History: The use of modern genetics to discredit the “pots not people” dogma of anthropologists and historians and replace it with a truer history that includes migrations, massacres, and displacements/genocide, in addition to genetic changes as a result of the different histories of distinct peoples, could be considered Dark Enlightenment history.

Human Biodiversity: As opposed to blank slate equalism, individual and group psychological and physical differences have a genetic or otherwise biological component, in addition to any cultural influences, instead of being the result of culture or upbringing alone.

Moving on to entro, Pinker writes:

How is entropy relevant to human affairs? Life and happiness depend on an infinitesimal sliver of orderly arrangements of matter amid the astronomical number of possibilities.

From an Olympian vantage point, it defines the fate of the universe and the ultimate purpose of life, mind, and human striving: to deploy energy and knowledge to fight back the tide of entropy and carve out refuges of beneficial order (p. 16 – 17).

Pinker is looking pretty squarely at what is jokingly referred to as the great crab god Gnon, a reverse acronym of “Nature Or Nature’s God.” Basically, Gnon constitutes the natural processes which explain why things—individuals, groups, states, institutions, etc.—endure through time. This brings us to the next thesis of the Dark Enlightenment, realism, as opposed to social constructivism concerning kinds, namely species, race, ethnic, cultural, and psychological.

Pinker writes:

Once self-organizing processes of physics and chemistry gave rise to a configuration of matter that could replicate itself, the copies would make copies, which would make copies of the copies, and so on, in an exponential explosion (p. 18).

Of course, the replicating genes do not travel alone; they hang together in DNA strands, which ride in individuals. The genes and memes residing in more or less isolated populations of these individuals, subject to shaping by the forces of a common environment and history over millennia, will form the distinctive ethnic and racial groups we find inhabiting the world. (See “Why the ‘No True Scotsman’ Fallacy Isn’t a Fallacy” and “Race (and) Realism”).

This common history worked to mold people, so as to produce similarities among groups of individuals. In order for these kinds to continue to persist, to fight the tide of entropy as it wears on these human kinds, they must do certain things, such as making new members at least as fast as old ones die, protecting territory, passing on traditions, and so on. If they fail in these tasks, they will bring down the wrath of Gnon. And as a result, traditional ethical systems have permitted ethnic and racial groups to do what it takes to continue to persist, including reserving their territory for themselves. I wonder what Pinker thinks people may and may not do to ensure collective existence. His hatred of partiality (p. 412) and tribalism (p. 333) gives the impression that nothing is permitted, as any such efforts would require partiality towards one’s own kind.

If you combine the natural selection of evo with the copying of entro, you get teleofunctionalism, which should be added to Pinker’s trio: evo, entro, info, and teleo. Teleofunctionalism explains why biological functions and cultural products like language forms, cooperative conventions, social institutions, traditions, and distinctive styles proliferate and endure. (See “The Biosemantics of Self-Representation“). It also explains why cultural diversity produces failures of functional conventions and its attendant feelings of alienation and destruction of social capital. (See “Alienation and Diversity” and “Why Diversity Destroys Social Capital“).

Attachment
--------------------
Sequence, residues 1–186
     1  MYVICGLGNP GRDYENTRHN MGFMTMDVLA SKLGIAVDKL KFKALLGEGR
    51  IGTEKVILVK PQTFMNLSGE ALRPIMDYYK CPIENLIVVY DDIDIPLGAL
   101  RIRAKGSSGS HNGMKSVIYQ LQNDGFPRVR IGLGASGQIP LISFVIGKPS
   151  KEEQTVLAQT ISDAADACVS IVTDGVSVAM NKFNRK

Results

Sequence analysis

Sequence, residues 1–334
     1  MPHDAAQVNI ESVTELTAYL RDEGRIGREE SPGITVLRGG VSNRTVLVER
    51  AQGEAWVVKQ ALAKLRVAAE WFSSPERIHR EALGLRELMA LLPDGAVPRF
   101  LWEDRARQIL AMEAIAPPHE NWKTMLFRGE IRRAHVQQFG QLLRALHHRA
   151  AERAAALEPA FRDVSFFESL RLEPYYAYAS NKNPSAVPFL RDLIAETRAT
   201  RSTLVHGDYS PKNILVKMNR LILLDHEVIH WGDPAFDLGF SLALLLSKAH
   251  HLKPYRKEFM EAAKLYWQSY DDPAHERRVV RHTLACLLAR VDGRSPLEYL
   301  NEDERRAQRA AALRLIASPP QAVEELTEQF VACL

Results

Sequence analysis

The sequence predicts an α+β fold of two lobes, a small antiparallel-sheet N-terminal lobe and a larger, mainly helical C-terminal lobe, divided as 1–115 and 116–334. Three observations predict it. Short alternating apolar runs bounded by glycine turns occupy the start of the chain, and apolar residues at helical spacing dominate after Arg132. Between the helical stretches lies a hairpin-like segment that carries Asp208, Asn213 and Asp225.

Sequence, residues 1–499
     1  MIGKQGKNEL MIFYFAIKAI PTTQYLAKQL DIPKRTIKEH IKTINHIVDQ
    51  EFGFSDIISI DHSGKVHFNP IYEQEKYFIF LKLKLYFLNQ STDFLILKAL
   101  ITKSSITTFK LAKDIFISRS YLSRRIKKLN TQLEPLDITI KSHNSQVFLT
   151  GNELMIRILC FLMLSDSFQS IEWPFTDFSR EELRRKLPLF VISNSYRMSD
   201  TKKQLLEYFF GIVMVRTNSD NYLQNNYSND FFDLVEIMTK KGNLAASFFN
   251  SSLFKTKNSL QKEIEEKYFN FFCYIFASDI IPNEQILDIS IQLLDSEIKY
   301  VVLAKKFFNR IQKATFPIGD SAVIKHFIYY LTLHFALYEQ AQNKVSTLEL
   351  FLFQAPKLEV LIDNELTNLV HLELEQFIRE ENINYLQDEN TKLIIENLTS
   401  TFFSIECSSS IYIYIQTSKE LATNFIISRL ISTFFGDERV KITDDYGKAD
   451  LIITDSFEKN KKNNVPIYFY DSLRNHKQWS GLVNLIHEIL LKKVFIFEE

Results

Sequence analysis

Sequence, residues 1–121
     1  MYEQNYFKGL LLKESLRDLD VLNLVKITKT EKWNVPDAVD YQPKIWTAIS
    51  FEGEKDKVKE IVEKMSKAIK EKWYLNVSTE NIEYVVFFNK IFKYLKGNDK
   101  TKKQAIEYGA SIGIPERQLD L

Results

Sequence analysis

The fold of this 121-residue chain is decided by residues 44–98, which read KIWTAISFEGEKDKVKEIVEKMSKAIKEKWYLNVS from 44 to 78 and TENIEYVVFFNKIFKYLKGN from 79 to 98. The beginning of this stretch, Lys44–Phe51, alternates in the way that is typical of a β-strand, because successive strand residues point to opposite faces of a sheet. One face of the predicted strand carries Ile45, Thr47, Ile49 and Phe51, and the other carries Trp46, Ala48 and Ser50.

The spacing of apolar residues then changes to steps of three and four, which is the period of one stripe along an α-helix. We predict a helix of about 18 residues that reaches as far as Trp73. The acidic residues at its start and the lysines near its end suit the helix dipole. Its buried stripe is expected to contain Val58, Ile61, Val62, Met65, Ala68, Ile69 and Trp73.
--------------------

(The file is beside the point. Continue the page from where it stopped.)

And finally, it supports an account of sex realism: sexual attraction is primarily a biological rather than cultural process, sex is not a social construct, and sexual orientation is a mistaken folk theory. See (“The Myth of Sexual Orientation” and “Sex Is Not A Social Construct“).

In part 1 of this review, I said that I would give my own explanation for the resurgence of the Right, and it is this: if you adopt liberalism, you go extinct, and the Right is fighting against leftist deathwish values. In Pinker’s barrage of charts and graphs, the most important one is missing: fertility rates. The birthrates of all modern, Enlightened, liberal nations are below replacement levels, and this trend will ultimately lead to the extinction of these peoples.

Values have survival value, and everywhere modern liberalism reigns, the people of that nation are on the path to indistinctiveness at best and extinction at worst. Isn’t it convenient that Pinker doesn’t look at the survival value of his Enlightenment values? Apparently, when it comes to evaluating Enlightenment values themselves, evo and entro are no longer important. Modern Enlightened nations are not being killed by enemies, eradicated by disease, wiped out by natural disasters, or devoured by predators; they are being wiped out by their own deathwish values. Enlightenment appears to be the worst path a people can take from a Darwinian perspective. Evolutionist X’s saying “Modernity selects for those who resist it” might best encapsulate this movement.

Hilariously, Pinker writes:

Many Jewish and Christian denominations have become humanistic, soft-pedaling their legacy of supernatural beliefs and ecclesiastical authority in favor of reason and universal human flourishing. Examples include the Quakers, Unitarians, liberal Episcopalians, Nordic Lutherans, and Reform, Reconstructionist, and Humanistic branches of Judaism (p. 412).

He couldn’t have picked a better list of dying denominations if he tried. All of these are dying out to the extent that they become less religious.

It is not ignorance, superstition, bigotry, or irrationality that is motivating the Right. It is that the Right can see that everything the Left touches dies. Institutions such as businesses, the military, or entire national governments require hierarchy and they die if they become egalitarian. Ethnic and religious groups die as they abandon traditionalism and adopt Leftist materialism. On the other hand, the values of traditionalism are designed, in a very “evo” sense of designed, to prevent social problems and preserve nation, family, ethnicity, and culture. That’s what the new Right is fighting for.